After leaving his native Samos, which was ruled by the tyrant Polycrates at the time, Pythagoras is said to have traveled, visiting Egypt, and then settled in the city of Croton in southern Italy, at around 530 BC, where he acquired followers and set up a school. Sometime before his death, having upset the citizens of Croton in some way, he moved to the nearby city of Metapontion.

No one really knows exactly what doctrine Pythagoras taught to his disciples, but it is thought to be a reformist brand of Orphism. The Pythagoreans were famous for believing in the 'transmigration of souls' -- metempsychosis, or reincarnation, and for the belief that 'the whole heaven is a harmony and a number', that number was 'the substance of all things,' as Aristotle wrote of them.

The Pythagoreans lived communally, regarding property as shared and treating men and women equally. Scientific discoveries and mathematical theories were also regarded as group property, and even after his death were mystically credited to Pythagoras himself.

They were required to follow a code of conduct in their daily life, some elements of which were:

  • Not to eat beans.    (Still good advice for those living communally!)
  • Not to pick up what has fallen.
  • Not to touch a white cock.
  • Not to break bread.
  • Not to step over a crossbar.    (Hmm. cf. knights templar?)
  • Not to stir the fire with iron.
  • Not to eat from a whole loaf.    (Don't eat bread then - or have someone break it for you..)
  • Not to pluck a garland.
  • Not to sit on a quart measure.
  • Always put on the right shoe first.
  • Not to eat the heart.
  • Not to walk on the highway.
  • Not to look back when crossing a border.
  • Not to let swallows share one's roof.
  • When the pot is taken off the fire, not to leave the mark of it in the ashes, but to stir them together.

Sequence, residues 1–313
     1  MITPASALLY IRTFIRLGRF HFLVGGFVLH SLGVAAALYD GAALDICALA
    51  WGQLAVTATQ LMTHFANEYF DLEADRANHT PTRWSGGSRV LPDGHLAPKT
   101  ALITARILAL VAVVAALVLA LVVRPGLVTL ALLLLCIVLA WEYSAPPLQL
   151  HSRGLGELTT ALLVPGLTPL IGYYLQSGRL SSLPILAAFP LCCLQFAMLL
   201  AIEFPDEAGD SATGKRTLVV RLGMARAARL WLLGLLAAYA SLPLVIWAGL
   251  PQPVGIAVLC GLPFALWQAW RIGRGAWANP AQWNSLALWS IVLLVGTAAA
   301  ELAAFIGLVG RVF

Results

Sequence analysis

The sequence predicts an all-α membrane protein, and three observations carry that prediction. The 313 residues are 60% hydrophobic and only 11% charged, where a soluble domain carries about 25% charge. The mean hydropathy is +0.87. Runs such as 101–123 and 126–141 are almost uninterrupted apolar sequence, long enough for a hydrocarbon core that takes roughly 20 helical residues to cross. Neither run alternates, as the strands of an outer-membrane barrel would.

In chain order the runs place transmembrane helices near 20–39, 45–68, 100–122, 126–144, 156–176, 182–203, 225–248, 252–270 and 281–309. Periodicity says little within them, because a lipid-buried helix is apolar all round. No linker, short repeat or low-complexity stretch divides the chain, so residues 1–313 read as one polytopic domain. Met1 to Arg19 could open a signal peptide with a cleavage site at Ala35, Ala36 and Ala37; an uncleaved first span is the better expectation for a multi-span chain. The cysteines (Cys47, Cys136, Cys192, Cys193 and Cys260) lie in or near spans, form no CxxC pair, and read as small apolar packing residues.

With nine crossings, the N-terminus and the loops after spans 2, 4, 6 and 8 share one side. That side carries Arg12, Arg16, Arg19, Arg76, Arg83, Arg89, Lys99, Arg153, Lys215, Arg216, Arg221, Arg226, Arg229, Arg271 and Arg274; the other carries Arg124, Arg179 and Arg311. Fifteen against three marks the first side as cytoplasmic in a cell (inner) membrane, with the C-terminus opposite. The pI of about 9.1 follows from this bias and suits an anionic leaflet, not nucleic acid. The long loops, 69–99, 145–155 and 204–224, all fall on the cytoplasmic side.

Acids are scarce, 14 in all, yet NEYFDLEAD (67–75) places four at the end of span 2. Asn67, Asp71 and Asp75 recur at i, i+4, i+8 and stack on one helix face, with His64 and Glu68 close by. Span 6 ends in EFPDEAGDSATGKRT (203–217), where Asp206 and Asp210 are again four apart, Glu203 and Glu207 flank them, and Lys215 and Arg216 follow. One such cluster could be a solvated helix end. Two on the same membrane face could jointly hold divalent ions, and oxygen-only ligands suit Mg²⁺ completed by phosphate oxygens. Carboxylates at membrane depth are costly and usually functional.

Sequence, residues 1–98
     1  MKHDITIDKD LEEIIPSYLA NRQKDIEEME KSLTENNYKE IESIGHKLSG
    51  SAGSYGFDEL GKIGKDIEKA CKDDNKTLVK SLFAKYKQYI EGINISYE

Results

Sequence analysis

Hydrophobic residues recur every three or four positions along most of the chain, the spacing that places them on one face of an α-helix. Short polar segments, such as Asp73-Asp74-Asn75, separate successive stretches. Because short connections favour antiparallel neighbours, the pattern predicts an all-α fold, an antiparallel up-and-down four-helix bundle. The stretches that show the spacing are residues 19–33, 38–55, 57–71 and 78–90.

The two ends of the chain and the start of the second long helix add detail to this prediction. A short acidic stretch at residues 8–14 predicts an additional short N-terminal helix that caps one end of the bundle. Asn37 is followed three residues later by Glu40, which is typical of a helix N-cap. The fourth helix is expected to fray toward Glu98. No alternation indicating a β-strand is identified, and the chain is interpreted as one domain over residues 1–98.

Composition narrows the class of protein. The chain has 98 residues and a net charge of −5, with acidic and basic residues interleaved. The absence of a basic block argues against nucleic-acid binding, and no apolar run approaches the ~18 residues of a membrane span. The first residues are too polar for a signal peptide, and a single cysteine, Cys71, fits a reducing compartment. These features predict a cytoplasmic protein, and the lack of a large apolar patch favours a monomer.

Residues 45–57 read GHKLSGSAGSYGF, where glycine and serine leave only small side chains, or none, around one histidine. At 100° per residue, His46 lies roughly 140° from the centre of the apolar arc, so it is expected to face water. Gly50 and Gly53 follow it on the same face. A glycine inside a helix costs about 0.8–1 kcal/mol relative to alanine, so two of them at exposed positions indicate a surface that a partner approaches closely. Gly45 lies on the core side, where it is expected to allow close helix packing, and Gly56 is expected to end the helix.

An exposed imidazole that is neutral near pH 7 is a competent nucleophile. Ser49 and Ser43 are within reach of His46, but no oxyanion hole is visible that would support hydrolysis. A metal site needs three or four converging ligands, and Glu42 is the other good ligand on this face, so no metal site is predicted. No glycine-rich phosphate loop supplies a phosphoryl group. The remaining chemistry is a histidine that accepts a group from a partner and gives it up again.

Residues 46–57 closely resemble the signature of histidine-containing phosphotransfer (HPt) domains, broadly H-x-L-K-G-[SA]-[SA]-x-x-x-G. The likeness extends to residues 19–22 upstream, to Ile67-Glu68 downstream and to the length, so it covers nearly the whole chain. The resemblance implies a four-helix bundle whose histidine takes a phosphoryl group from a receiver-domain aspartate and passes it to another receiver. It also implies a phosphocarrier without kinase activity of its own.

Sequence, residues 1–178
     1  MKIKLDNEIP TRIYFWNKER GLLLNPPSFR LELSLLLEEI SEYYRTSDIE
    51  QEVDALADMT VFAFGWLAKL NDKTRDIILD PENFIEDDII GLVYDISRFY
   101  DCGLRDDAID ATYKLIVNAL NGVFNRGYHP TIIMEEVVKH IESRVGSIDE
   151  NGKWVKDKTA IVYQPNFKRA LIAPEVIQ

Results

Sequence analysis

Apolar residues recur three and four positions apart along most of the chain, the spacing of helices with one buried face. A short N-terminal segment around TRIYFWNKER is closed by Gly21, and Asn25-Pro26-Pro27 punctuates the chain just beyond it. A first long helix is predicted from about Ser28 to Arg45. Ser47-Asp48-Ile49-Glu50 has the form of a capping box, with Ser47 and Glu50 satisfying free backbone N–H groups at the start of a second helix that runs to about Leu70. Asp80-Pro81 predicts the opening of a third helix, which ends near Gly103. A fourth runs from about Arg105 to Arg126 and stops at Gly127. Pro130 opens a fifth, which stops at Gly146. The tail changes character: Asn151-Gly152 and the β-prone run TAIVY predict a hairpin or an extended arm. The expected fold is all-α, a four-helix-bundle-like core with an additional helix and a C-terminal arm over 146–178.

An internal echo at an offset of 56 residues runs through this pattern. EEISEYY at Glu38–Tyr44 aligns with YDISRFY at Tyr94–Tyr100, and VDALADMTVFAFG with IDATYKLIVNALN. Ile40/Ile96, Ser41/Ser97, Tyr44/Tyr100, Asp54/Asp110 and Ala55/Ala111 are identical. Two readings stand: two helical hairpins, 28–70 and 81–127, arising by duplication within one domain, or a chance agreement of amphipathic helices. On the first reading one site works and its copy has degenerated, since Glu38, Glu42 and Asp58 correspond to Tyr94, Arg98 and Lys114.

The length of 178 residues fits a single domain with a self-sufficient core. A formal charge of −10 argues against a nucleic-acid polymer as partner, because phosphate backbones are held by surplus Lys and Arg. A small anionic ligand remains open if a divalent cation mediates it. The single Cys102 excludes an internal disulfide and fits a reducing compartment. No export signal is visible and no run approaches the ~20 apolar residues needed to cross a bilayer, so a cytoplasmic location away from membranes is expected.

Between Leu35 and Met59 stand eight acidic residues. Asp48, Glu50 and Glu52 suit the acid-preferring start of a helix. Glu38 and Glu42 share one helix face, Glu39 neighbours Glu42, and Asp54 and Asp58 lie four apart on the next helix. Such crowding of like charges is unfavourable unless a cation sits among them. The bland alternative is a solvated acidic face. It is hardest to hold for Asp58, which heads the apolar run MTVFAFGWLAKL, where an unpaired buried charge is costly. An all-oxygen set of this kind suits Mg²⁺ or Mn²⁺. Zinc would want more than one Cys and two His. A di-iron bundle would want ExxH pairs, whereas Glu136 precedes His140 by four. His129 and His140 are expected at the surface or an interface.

• Do not look in a mirror beside a light.
  • When you rise from the bedclothes, roll them together and smooth out the impress of the body.
The school continued after Pythagoras' death and its views been very influential - perhaps most visibly through the works of Plato, who is thought by many to have been Pythagorean in doctrine and inspiration - his theory of ideas and the "allegory of the cave" are both suggestive of this.

As an indication of just how influential, consider that the word theory was originally an Orphic term indicating a kind of ecstatic contemplation: "the spectator is identified with the suffering God, dies in his death, and rises again in his new birth." For the Pythagoreans, this became an intellectual contemplation, though retaining its 'ecstatic' connotations, and resulted in new mathematical knowledge. It is this usage that has given us the modern sense, and the correlate, theorem.

Information from Bertrand Russell - A History of Western Philosophy and Rudy Rucker - Infinity and the Mind. The quotes about Orphic 'theory' are Russell quoting Cornford.

Pyth`a*go"re*an (?), a. [L. Pythagoreus, Gr. .]

Of or pertaining to Pythagoras (a Greek philosopher, born about 582 b. c.), or his philosophy.

The central thought of the Pythagorean philosophy is the idea of number, the recognition of the numerical and mathematical relations of things. Encyc. Brit.

Pythagorean proposition Geom., the theorem that the square described upon the hypothenuse of a plane right-angled triangle is equal to the sum of the squares described upon the other two sides.<-- = Pythagorean theorem. --> -- Pythagorean system Astron., the commonly received system of astronomy, first taught by Pythagoras, and afterward revived by Copernicus, whence it is also called the Copernican system. -- Pythagorean letter. See Y.


© Webster 1913.

Pyth`a*go"re*an (?), n.

A follower of Pythagoras; one of the school of philosophers founded by Pythagoras.


© Webster 1913.

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